Award-winning PBS NewsHour Anchor Judy Woodruff to be Honored with Poynter Medal for Lifetime Achievement in Journalism
ST. PETERSBURG, Fla. (April 13, 2017) – Judy Woodruff, a pioneering broadcast journalist who has spent more than three decades at NBC, CNN and PBS, will be awarded the 2017 Poynter Medal for Lifetime Achievement in Journalism. Woodruff, the anchor and managing editor of the “PBS NewsHour,” will be honored at Poynter’s annual gala in St. Petersburg, Florida, on Nov. 4.
“It is such an honor to be recognized by Poynter, which from the day it opened its doors has been dedicated to nourishing excellent journalism as the foundation of our democracy,” said Woodruff. “Its mission of educating journalists at every stage of their careers has never been more important than it is now.”
“Judy Woodruff is not just one of the great broadcast journalists of this generation, she’s a pioneer who broke down barriers for women in the industry and stands as a role model — both as a professional and as a person,” said Poynter President Tim Franklin. “Judy is an award-winning journalist who blazed a trail for other women, covering national politics and the White House for NBC News in the 1970s and 1980s. She’s done it all, covering huge stories, moderating presidential debates, hosting a daily program on CNN and anchoring the ‘NewsHour’ with distinction. As accomplished as she is journalistically, she’s an even better person. She’s helped raise millions for medical research, and she’s given back to her profession as the founding co-chair of the International Women’s Media Foundation. Poynter is thrilled to honor her.”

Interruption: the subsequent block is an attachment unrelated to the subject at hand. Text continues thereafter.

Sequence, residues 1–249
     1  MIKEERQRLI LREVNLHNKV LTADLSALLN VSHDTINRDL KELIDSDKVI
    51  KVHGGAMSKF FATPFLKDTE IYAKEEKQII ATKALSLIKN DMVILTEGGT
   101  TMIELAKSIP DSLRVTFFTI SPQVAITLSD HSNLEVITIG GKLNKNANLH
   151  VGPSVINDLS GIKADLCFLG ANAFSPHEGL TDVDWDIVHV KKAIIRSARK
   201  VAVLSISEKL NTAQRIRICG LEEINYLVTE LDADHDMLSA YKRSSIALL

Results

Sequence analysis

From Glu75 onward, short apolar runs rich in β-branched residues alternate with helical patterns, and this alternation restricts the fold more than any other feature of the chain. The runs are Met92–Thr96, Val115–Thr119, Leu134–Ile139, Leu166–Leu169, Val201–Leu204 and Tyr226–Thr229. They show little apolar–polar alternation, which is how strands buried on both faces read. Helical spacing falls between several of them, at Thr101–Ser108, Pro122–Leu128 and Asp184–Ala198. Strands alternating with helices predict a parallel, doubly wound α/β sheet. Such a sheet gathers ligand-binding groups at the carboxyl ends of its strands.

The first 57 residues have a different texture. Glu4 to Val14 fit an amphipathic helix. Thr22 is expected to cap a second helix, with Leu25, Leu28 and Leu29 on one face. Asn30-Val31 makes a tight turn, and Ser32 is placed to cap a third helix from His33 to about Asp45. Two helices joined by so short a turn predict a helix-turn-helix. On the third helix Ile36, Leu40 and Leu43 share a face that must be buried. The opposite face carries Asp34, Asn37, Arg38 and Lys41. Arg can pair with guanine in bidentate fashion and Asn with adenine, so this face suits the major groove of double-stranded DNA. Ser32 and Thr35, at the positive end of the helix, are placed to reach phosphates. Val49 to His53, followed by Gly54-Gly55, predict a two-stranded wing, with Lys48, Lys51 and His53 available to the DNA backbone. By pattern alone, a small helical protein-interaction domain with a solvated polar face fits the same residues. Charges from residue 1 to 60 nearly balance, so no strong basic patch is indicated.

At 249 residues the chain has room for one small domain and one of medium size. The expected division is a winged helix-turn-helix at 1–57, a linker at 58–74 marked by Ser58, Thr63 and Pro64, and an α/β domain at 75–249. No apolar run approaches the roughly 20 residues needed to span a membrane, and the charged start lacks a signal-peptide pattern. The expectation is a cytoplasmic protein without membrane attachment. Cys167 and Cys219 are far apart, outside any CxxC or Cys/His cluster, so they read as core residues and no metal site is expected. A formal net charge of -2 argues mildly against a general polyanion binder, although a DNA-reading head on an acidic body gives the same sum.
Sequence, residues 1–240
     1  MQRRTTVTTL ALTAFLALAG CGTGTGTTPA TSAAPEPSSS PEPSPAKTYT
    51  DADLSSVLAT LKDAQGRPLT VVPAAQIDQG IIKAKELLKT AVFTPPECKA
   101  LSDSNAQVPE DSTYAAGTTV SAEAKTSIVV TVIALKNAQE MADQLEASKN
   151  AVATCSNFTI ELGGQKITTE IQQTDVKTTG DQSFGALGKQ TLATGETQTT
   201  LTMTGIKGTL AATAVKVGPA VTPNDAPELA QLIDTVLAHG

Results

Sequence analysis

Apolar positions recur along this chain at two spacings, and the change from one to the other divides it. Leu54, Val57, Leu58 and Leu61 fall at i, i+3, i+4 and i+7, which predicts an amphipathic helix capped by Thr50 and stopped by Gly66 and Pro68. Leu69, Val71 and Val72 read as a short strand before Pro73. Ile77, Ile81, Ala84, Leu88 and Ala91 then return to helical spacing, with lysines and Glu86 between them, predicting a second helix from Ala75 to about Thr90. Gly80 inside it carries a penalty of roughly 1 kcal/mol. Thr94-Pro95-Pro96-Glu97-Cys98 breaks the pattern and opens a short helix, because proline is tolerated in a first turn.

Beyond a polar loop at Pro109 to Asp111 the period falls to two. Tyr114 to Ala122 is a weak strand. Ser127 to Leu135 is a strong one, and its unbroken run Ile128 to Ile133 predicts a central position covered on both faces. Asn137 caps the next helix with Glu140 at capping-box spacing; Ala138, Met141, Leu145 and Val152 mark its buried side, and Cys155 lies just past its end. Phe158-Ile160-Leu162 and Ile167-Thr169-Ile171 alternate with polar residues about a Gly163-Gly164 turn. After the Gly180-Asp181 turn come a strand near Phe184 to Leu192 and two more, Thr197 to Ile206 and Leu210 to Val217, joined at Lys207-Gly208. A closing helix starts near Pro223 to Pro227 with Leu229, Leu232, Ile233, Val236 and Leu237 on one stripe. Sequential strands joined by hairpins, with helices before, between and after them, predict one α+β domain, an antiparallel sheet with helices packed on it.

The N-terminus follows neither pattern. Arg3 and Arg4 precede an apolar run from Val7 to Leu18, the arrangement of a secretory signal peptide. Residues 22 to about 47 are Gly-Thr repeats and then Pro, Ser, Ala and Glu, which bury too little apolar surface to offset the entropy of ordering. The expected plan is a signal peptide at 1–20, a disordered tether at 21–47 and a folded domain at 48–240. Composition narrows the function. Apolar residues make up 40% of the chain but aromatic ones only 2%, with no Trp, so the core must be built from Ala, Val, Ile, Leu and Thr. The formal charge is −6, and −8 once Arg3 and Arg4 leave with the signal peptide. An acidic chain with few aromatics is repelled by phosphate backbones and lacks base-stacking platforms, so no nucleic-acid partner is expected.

Woodruff joined NBC News in 1975 and was the network’s chief White House correspondent from 1977 to 1982. She was the first on the air in 1981 with news that President Ronald Reagan had been shot. Woodruff later served as anchor and senior correspondent for CNN, where her duties included anchoring the weekday program, “Inside Politics.” At PBS from 1983 to 1993, she was the chief Washington correspondent for “The MacNeil/Lehrer NewsHour.” From 1984-1990, she also anchored PBS’ award-winning weekly documentary series, “Frontline with Judy Woodruff.” In 2013, Woodruff and Gwen Ifill were appointed as the co-anchors and managing editors of “NewsHour,” the nightly PBS news show. It was the first time that a network broadcast featured a regular female co-anchor team. The two anchors received a lifetime achievement award from the Women’s Media Center in 2015. Woodruff became sole anchor after Ifill’s death last November.
Woodruff serves on the boards of trustees of the Freedom Forum, the Newseum, the Duke Endowment, The Carnegie Corporation of New York and the Urban Institute. She is a former member of The Knight Foundation Commission on Intercollegiate Athletics and a former Poynter National Advisory Board member from 1989-1990.
Woodruff is a graduate of Duke University, where she is a trustee emerita. She is the recent recipient of the Cine Lifetime Achievement award, a Duke Distinguished Alumni award, the Edward R. Murrow Lifetime Achievement Award in Broadcast Journalism/Television, the University of Southern California Walter Cronkite Award for Excellence in Journalism, the Al Neuharth/University of South Dakota Award for Excellence in Journalism and the Gaylord Prize for Excellence in Journalism and Mass Communications from the University of Oklahoma, among others.
The Poynter Medal for Lifetime Achievement recognizes the outstanding career achievements of a journalist whose work has made a lasting impact serving citizens in our democracy. Previous recipients were “CBS Evening News” anchor Schieffer (2015) and former “NBC Nightly News” anchor and New York Times best-selling author Tom Brokaw (2016). Woodruff will be recognized at Poynter’s third annual Bow Tie Ball on Nov. 4 in St. Petersburg. Sponsorship and ticket information will be announced soon. (Join the mailing list to receive updates.)
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